Another reasonably productive weekend consisting mostly of adding room treatments..

Despite the fact that the ceiling height has reduced greatly from the original roof height including 300mm of mineral wool above the inner room, I had decided to add another 100mm to the majority of the ceiling area inside. I was always going to add some sort of ceiling cloud to the room and it seemed to make sense to make it one big cloud as I have plenty of mineral wool left.

I had some lengths of 50mm square timber but this was going to be a little bit too chunky for the framing required so I rigged up my circular saw bench and set some guides to split these lengths in half. It's a bit of a Heath Robinson setup (see photo) but it's actually extremely safe and works a dream. So I started with 6 lengths of 50x50mm and end up with 12 lengths of 50x22mm - plenty enough for my needs.

Photo:

Saw rig - safe(ish)

I set about attaching 1800mm lengths pitched 1200mm about the centre of the room and 600mm either side, though as you'll read later I intend to add a central support too - more later. Anyway, I initially screwed these into the perpendicular joists above the plasterboard. I then cut some spacer blocks at 56mm long and screwed these into the top battens 1 at each end and one centrally. Screwing another baten below these gave me a frame-work 100mm below the ceiling. All that was left was to add some angled pieces at each end and insert two cross members to allow for some downlights to be positioned(see photos.)

That was pretty much it for Saturday and though I wasn't sure if I'd have any time on Sunday (Mother's day) I did have a bit of time...

OK, I had an hour or so in the afternoon to do a little bit more work and thought I would attempt to fill the framing with mineral wool. I wasn't entirely sure how I would go about it but in the end I settled on cutting some 18x52mm tongues in the edges of the mineral wool slabs and pushing them up between the framing. I'd better add that I tried to bend a 1200x600mm slab into position first and it didn't go well - it has a certain degree of flex but beyond that point it just breaks! Oh well, lesson learnt and in fact locating one end between the battens then squashing the other up works fantastically well.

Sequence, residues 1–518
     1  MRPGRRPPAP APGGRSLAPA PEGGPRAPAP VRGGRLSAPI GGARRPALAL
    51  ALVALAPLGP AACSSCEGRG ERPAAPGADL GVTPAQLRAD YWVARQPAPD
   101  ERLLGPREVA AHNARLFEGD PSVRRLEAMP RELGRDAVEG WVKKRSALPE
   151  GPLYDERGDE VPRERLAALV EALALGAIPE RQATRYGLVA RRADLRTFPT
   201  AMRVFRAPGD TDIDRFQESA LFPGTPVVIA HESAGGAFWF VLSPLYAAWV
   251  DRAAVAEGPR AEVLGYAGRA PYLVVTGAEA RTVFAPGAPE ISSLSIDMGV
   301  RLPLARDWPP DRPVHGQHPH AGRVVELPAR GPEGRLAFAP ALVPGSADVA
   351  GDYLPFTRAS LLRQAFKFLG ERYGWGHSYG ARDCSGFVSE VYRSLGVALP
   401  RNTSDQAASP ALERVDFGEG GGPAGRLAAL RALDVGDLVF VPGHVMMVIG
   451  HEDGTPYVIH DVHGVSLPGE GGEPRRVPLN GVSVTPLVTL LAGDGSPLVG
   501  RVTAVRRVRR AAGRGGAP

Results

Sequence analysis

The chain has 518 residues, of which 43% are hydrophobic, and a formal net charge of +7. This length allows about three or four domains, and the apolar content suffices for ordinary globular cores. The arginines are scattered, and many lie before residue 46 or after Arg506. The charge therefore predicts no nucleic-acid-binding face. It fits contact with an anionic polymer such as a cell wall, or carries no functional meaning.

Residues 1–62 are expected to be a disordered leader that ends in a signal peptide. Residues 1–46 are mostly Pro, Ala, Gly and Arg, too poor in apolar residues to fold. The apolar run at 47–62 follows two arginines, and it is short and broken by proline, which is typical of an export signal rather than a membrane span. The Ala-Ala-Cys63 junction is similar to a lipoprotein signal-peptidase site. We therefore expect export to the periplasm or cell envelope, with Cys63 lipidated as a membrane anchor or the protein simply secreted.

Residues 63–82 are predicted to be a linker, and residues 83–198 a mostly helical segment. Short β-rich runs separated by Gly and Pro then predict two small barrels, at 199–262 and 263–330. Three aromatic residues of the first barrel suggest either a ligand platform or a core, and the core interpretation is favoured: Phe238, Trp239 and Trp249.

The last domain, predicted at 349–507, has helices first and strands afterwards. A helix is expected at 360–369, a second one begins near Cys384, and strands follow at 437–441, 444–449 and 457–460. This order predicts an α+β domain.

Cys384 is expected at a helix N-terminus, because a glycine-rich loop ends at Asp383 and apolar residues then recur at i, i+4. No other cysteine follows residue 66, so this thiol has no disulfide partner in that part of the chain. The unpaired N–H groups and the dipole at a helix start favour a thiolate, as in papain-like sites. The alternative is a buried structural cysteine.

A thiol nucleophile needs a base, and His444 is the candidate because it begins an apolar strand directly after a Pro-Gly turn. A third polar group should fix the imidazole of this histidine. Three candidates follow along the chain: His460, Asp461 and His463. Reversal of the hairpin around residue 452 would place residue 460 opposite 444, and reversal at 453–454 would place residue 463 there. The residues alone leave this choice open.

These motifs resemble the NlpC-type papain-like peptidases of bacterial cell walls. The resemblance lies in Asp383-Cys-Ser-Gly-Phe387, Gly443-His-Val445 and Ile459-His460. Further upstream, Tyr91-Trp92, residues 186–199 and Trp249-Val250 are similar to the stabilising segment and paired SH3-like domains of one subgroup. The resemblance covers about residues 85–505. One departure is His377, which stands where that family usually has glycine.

I'll come back to my earlier point about the central support now. I did try to place a 1200x600mm slab in the central 1200mm pitch battens using this method, and although the insertion works well, once in position it tends to sag down in the middle - not the case at all with 600mm pitched battens. This is when I realised I needed to add the central framing battens. I was not left with enough time to add these so I was resigned to finish filling as much between the 600mm battens and clear up for the weekend.

Anyway - all-in-all - apart from the slight setback pretty pleased and it's good to know I have a very effective method for inserting the slabs in place without the need to secure in any way before covering with the black fabric. You might also be wondering how high is the ceiling after this - well... believe it or not I can still just about walk underneath the ceiling cloud at the lowest point - though once my gear is in place I'll never get that close to the front wall anyway.

Couple more photos:

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>> Room Treatments <<
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Following on from my earlier point about the material I have been using to cover the absorbers (mineral wall chunks) I got to thinking about conducting some tests. I did a little reading and decided to see how well it performed as speaker cloth. Not a particularly scientific experiment but I rigged up a microphone in front of one of my small Behringer MS40 monitors and set Wavelab up to record. I played back a track through the monitor and recorded the output at various distances (30, 40 & 50cm) with the fabric and the same without.

The results seemed encouraging as I couldn't even hear any perceivable difference with or without the cloth. I didn't get a chance to fully analyse the results but the waveforms were pretty well identical. Anyway, I'll probably conduct the test in a bit more scientific manner later on but for now I feel a little bit happier in my use of material.

As we were out all day Sunday, I only had Saturday to work on the studio. I set myself a target to get the front ceiling-wall absorber chunk finished.

I finished the last angled upright to meet the corner chunk - a slightly awkward shaped piece that required a bit of planing and adjusting to fit. I did the same as the left hand piece with a combination of no-nails, staples and screws to secure it into position. All matched in pretty well to meet with the front wall corner chunks.

I then set about filling the framing with mineral wool. To keep the stuff from falling to the ground before covering I attached a temporary thin batten mid-way up horizontally. This allowed me to insert the triangular profiles easily into position.

All good and filled pretty quickly and I was only a little bit itchy afterwards!

Photos:

I then cut a 2.8 x 1 metre piece of the weed control fabric to cover the chunk (look at my earlier post regarding this material - though I'm not 100% sure of suitability for this job it certainly has the required properties and it can easily be replaced if not at a later date.)